A recent audit of 1,006 inflammatory bowel disease (IBD) patients recently switched from one biologic/JAK therapy to another found that TNFs are largely preferred for first-line treatment, though at second line, close to half of surveyed gastroenterologists (n=191) chose an alternate mechanism of action (MOA) in Crohn’s disease and about 40% preferred an alternate MOA in ulcerative colitis (UC). View complimentary data highlights.
Insights from the Mavenclad prelaunch section in the most recent quarterly report suggest a later line role for Mavenclad among DMT-refractory RMS patients with aggressive disease activity. Vumerity, on the other hand, will most likely be used earlier in the treatment algorithm in Tecfidera candidates where avoidance of tolerability issues is key. View complimentary data highlights from the full report below.
Spherix Global Insights’ fourth quarter update of RealTime Dynamix™: Psoriasis (US), which includes the feedback of 100 U.S. dermatologists, reveals that Ilumya will likely face an uphill battle for adoption. Conversely, Tremfya, the first IL-23 inhibitor to be FDA approved for the treatment of psoriasis, continues to grow, making it difficult for newcomer Ilumya to establish preference over Janssen’s agent. View complimentary data highlights from the most recent update of the quarterly series below.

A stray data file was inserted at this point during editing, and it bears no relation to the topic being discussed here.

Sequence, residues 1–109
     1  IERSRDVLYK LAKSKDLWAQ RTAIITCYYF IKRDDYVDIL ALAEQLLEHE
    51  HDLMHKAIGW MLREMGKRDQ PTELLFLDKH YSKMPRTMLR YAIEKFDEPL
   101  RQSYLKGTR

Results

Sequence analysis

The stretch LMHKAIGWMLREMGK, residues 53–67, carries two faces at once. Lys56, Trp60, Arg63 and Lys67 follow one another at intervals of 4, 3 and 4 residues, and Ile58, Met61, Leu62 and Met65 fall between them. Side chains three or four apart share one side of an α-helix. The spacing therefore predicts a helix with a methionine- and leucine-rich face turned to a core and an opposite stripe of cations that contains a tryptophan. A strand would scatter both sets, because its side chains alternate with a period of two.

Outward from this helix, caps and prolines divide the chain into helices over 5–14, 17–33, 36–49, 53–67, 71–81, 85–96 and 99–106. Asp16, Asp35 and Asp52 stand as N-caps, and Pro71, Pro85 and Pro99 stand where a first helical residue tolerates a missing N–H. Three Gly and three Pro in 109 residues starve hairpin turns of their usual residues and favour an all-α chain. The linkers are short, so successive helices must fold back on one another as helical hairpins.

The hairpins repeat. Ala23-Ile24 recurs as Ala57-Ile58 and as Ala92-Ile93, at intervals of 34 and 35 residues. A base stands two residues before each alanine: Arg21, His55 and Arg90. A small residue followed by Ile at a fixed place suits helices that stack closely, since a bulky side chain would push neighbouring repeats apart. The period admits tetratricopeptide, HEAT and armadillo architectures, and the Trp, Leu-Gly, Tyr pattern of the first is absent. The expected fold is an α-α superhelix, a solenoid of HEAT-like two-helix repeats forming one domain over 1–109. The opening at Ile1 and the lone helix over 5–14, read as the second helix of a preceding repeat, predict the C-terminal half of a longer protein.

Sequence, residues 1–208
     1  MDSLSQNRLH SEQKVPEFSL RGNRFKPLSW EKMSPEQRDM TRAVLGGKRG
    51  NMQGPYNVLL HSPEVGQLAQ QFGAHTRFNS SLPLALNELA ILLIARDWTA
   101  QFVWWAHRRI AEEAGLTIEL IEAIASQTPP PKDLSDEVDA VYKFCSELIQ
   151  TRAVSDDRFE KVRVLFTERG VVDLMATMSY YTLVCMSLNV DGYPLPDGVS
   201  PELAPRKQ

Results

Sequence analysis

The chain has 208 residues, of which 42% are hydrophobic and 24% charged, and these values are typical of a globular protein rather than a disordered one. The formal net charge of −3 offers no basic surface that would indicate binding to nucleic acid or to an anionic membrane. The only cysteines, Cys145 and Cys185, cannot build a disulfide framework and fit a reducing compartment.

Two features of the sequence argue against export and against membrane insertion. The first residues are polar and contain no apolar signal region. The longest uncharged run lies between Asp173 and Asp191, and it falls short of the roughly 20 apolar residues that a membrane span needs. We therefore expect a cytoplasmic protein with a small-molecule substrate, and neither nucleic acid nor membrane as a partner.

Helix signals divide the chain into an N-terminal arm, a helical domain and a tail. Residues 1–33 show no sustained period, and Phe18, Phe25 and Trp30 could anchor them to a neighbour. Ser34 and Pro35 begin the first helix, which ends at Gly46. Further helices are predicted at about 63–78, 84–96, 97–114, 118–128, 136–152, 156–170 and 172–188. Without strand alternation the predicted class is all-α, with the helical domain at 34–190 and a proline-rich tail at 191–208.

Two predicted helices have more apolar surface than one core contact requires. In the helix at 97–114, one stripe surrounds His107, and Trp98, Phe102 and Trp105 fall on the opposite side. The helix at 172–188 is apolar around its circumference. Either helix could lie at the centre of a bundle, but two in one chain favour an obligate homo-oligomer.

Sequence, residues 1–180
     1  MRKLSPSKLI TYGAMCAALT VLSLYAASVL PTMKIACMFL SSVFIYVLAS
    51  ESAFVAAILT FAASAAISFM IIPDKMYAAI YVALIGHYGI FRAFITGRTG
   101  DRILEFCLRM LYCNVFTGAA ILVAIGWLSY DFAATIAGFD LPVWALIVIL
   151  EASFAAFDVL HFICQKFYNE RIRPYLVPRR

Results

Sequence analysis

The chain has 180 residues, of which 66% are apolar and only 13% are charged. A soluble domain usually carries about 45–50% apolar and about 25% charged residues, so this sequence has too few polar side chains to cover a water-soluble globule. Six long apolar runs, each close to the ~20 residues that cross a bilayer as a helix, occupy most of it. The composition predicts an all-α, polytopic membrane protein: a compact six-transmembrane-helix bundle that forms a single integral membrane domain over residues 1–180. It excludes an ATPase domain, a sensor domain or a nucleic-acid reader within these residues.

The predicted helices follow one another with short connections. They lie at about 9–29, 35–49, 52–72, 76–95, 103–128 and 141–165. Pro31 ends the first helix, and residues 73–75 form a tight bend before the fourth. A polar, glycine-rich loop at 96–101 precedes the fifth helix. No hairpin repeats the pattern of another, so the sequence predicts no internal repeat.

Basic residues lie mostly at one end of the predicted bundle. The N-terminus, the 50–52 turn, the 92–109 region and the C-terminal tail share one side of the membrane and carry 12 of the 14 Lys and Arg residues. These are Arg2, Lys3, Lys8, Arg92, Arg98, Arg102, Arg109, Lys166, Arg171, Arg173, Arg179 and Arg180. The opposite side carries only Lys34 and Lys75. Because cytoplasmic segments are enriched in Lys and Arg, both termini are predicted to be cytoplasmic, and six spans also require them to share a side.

We analyzed the charts of 1,006 US psoriasis patients who were switched from one biologic/small molecule to a different brand in the past three months. Here we highlight one patient record from Spherix's RealWorld Dynamix: Biologic/Otezla Switching in Psoriasis (US) audit, detailing the patient's journey from diagnosis to their current switched treatment.
Efficacy is the most common trigger for a switch, though the switch patterns differ dramatically depending on whether it was a primary vs. secondary efficacy issue, with other factors, such as patient and payer influence, also playing a role. Reasons for new brand choice also vary between classes of treatment. View complimentary data highlights full 2018 report below.
In a recent patient chart audit, Genentech’s Ocrevus was a common alternative or “back up” disease-modifying therapy (DMT) for secondary progressive multiple sclerosis (SPMS) patients that went on to be treated with a different DMT.